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London's Car-Free Highway Could Transport Bikes, Boxes, And Energy

Running over existing rail lines, the SkyCycle network could hold up to 12,000 cyclists an hour zipping to their destinations around town and transforming the cityscape.

[Image: Courtesy of Fosters + Partners]

Over the next two decades, London’s population will surge by around 2 million residents, and many more people will commute to the city center from farther away. But instead of squeezing more cars onto already-crowded streets, Londoners might eventually be riding bikes on the SkyCycle superhighway.

We first wrote about SkyCycle in 2012, and now the designers behind the plan—from Exterior Architecture, Foster + Partners, and Space Syntax—have released new details. The network of bike paths would run on a wide platform over existing rail lines, providing over 200 kilometers of car-free routes that can each hold up to 12,000 cyclists an hour.

Image: Courtesy of Fosters + Partners

The routes aren’t intended to replace any of London’s current bike paths on city streets, but instead would be used for longer rides. "We don't want to take anyone who's currently cycling off the roads," says Sam Martin, who leads Exterior Architecture. "We want to take people who take trains, cars, and buses and put them onto bikes."

Martin points out that already many Londoners spend as much as 20% of their income on transportation, and SkyCycle would provide a free alternative. "If London is to grow into a proper city in the future it needs to change so everyone to get around in a more egalitarian way. It needs to provide capacity solutions that don't involve digging new tunnels and building more roads."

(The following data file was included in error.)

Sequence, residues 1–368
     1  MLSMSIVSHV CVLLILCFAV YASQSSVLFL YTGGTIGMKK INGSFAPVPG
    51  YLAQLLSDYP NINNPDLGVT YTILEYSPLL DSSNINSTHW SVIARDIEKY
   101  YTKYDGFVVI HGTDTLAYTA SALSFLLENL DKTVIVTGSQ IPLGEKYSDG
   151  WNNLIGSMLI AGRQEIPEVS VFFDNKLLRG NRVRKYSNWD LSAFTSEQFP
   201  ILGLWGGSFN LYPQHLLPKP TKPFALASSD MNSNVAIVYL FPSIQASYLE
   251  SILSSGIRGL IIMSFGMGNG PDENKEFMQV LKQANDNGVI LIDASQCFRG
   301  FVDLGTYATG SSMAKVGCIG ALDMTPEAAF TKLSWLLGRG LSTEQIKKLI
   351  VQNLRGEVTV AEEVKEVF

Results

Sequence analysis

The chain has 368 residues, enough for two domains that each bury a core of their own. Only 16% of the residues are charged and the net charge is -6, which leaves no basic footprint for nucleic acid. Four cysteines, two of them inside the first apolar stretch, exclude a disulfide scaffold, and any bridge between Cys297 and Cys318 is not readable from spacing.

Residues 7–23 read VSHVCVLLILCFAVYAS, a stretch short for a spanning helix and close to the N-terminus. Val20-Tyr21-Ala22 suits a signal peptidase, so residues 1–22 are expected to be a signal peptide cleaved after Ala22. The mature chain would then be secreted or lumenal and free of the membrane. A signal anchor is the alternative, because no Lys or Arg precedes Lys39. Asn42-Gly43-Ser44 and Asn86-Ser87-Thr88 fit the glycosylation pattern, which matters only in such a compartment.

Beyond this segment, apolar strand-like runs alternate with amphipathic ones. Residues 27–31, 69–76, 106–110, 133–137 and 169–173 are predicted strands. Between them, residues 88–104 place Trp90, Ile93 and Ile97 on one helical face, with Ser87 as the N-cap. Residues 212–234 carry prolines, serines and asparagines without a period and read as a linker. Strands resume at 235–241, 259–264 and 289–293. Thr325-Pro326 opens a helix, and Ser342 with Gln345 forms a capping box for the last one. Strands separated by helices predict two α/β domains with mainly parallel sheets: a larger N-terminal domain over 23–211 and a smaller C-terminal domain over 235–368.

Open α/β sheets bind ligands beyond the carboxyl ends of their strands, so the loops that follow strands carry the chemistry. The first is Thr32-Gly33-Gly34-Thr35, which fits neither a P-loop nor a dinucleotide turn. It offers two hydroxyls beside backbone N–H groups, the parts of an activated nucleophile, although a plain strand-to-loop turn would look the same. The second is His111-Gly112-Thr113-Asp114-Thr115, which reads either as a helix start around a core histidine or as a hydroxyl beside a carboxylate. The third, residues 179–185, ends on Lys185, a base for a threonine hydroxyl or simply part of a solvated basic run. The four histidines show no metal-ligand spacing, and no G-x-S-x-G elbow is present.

Beyond the obvious benefits of getting more commuters on bikes—from better health to less congestion and pollution—the network could also start to transform the city in other ways. "You might think of it as a cycleway, but it’s also a new way of thinking about the compact city," says Huw Thomas, a partner at Foster + Partners.

The network could distribute goods along with people. "The easiest way to describe it is a glorified airport baggage handling system," Thomas explains. Goods could automatically travel along SkyCycle, and be delivered either to homes or offices immediately along the route, or stored in lockers for a cyclist to pick up along their commute.

While the delivery system could be used by retailers like Amazon, the path could also transform local stores. "Cyclists tend to shop locally because they don’t like carrying very much, and they shop more frequently," Thomas says. "Layer on top of that the wider logistics capability for retailers, and you get a completely different experience. The traditional shop will have vastly different storage requirements. They can store at the periphery and have stuff delivered within half an hour, already on its hanger and already tagged."

SkyCycle could also serve as a new transmission line for electricity from renewable energy. "One of biggest problems we’ve got is digging up the street," Thomas says. "This would put everything in a utility dock that was easily accessible." A separate dock could also transfer waste.

Buildings next to the tracks—once an undesirable location—would suddenly have new value, Thomas says. They could also be good sites for perhaps a school, since kids could bike there safely.

For now, the project is very much in the planning stages, as the partners work on securing funding. Martin says that corporations may buy naming rights for particular routes, but ultimately, at least some of the funding should come from the government.

"In terms of people's health, and the lack of energy that will be consumed, I think the benefit to the nation in the long term will be far greater," Martin says.

After the project is funded, he thinks it may take around five years to build a route, and as long as two decades to build a fully connected network.